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In all of the business planning you’ve done, you might not have thought about what happens to your business if you retire, move on — or in a worst-case scenario, become incapacitated or die.
Having a buy-sell agreement establishes a clear plan to handle any of these events. Without one, a company could face major tax hassles down the road, as well as other financial and legal difficulties.
How does a buy-sell agreement work?
The way a buy-sell agreement works is that a clear transition for ownership of the business when each partner passes away or chooses to leave the business is decided upon. This legal agreement is most commonly used in the instances of sole proprietorships, closed corporations and partnerships.
The agreement will stipulate that the remaining business share be sold to the company or certain members of the business. In the case of partner death, their estate is legally obligated to sell.
Why do you need a buy-sell agreement?
There are several plausible scenarios that might play out if your business doesn’t have a buy-sell agreement. For instance, a former business partner’s spouse could become your co-owner, a bank might end up having a stake in your company, or your old business partner’s kids might become the newest members of your management team. You could end up with one (or several!) business partners who don’t know about your business or don’t necessarily care about its survival as much as you do. But they’ll still get a seat at the table, whether you like it or not.
But these are only a handful of potential scenarios that may occur if you don’t establish a buy-sell agreement. If you’re not convinced yet, here are a few more reasons why you should set up a buy-sell agreement for your business right off the bat:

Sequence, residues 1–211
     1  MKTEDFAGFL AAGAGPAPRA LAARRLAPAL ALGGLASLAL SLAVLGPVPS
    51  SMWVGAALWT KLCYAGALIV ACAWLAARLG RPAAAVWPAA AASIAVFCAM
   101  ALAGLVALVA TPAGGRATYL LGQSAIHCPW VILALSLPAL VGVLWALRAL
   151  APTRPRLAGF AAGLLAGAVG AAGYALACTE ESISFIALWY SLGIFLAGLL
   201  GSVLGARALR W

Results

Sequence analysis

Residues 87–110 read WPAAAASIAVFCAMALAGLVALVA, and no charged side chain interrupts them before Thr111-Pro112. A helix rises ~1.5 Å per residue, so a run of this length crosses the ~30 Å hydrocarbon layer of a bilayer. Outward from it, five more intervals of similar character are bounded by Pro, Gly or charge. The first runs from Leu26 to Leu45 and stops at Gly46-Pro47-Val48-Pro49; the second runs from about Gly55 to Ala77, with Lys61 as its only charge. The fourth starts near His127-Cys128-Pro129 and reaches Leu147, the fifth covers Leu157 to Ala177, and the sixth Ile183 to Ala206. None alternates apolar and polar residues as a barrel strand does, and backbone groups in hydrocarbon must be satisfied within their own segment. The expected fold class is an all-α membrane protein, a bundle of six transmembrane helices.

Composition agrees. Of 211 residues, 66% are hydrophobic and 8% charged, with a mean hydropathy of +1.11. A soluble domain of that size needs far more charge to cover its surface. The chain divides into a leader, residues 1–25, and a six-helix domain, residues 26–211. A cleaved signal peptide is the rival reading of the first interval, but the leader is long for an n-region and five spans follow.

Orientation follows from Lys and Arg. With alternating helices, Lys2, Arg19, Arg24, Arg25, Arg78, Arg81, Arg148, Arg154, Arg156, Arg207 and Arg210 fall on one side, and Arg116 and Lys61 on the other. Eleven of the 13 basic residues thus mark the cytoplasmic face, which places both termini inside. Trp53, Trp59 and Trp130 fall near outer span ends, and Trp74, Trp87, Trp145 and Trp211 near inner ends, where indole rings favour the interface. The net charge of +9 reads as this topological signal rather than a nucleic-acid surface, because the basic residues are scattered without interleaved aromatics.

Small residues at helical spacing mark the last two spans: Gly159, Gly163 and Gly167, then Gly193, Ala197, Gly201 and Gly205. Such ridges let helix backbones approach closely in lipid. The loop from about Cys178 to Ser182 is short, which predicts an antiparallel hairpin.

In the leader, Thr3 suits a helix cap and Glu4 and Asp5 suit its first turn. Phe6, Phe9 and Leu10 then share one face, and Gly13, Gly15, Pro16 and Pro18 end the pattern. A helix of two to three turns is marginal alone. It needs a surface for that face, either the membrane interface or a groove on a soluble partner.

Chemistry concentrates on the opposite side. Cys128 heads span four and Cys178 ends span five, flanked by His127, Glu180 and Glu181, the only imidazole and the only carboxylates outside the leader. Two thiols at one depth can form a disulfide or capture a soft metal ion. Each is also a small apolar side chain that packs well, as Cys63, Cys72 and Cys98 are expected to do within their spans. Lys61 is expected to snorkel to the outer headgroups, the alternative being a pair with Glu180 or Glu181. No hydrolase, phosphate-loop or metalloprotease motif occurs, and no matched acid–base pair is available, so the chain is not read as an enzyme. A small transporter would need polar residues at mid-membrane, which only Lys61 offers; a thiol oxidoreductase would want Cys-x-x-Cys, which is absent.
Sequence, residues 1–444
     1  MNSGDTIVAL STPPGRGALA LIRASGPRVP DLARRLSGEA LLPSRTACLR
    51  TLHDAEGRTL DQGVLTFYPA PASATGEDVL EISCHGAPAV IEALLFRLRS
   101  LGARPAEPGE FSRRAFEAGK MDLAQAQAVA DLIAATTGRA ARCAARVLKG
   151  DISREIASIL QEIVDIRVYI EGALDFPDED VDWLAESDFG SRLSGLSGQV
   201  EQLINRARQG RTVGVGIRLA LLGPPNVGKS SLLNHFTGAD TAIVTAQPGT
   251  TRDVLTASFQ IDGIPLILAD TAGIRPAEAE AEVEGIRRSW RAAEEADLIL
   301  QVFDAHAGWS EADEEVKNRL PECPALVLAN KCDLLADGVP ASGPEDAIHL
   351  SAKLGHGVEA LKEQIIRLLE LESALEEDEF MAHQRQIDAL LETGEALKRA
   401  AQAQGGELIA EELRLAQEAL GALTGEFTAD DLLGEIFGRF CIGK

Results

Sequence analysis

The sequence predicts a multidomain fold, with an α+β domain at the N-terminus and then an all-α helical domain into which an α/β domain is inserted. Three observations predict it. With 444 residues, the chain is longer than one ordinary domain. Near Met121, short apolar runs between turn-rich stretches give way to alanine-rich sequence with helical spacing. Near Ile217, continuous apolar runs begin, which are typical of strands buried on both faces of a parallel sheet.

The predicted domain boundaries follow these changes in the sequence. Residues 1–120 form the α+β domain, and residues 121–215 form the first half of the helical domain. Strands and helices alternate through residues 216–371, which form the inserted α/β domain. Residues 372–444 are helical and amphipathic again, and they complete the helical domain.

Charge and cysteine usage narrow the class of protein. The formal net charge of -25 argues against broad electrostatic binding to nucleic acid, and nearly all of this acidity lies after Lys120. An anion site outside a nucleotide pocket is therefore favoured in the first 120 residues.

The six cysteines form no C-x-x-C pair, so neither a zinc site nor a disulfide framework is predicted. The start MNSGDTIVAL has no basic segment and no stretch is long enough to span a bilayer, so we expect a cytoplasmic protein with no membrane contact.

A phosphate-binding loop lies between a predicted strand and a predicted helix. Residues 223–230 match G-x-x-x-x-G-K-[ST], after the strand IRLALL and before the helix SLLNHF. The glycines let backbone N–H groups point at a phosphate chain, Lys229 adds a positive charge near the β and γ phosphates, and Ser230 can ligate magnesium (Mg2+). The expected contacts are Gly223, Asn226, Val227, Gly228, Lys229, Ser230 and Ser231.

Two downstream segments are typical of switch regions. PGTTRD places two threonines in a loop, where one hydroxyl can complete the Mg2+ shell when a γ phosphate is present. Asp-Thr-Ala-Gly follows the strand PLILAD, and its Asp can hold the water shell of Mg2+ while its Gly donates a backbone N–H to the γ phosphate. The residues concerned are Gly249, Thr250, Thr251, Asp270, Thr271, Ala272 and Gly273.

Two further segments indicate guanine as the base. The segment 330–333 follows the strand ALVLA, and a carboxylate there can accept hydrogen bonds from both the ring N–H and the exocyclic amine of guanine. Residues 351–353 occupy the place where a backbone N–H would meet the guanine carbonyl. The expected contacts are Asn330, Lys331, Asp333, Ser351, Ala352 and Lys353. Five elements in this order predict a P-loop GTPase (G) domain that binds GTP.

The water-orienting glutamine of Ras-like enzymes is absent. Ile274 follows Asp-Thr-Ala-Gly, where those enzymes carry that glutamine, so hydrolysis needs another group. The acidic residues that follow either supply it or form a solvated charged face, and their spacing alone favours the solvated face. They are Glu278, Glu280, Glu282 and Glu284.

1. You’ll establish a fair value price for shares.
A buy-sell agreement establishes the fair value of a person’s share in the business, which comes in handy if a partner wants to remain in the company after another partner’s exit.
This helps forestall disagreements about whether a buyout offer is fair since the agreement establishes these figures ahead of time. You’ll mitigate the risk that a now-former business partner or their next of kin, expects more money than you believe their share is actually worth.
2. You’ll develop an exit plan for business partners.
The breakup of a partnership, be it a marriage or a business, has the potential to be messy. It can become hard for former partners to agree on the terms of the split if those terms aren’t set in stone (or at least in writing).
But a buy-sell agreement spells out most of the terms and conditions that business partners have to abide by in the event that they’re no longer with the company. You’ll reduce headaches — and financial risks — by planning ahead.
3. You’ll keep business interests with the surviving owners.
Without a concrete buy-sell agreement in place, you run the risk of unexpected business partners entering the fray. Just as a will determines who gets your belongings and money after your death, a buy-sell agreement stipulates who’s entitled to your share of a business if you’re no longer able to be a part of it (or, on a less morbid note, if you plan to sell your share).
If you don’t have this agreement in place, your or your partners’ next of kin may take over your part of the company. That’s usually the kind of decision you’d rather make ahead of time, and in consultation with your co-owners. But without a buy-sell agreement, you’re leaving this decision to a lawyer. Plus, you’re leaving your partners vulnerable to disruption, or even the dissolution of your company if your heir decides to sell.
4. You’ll create a business continuity plan.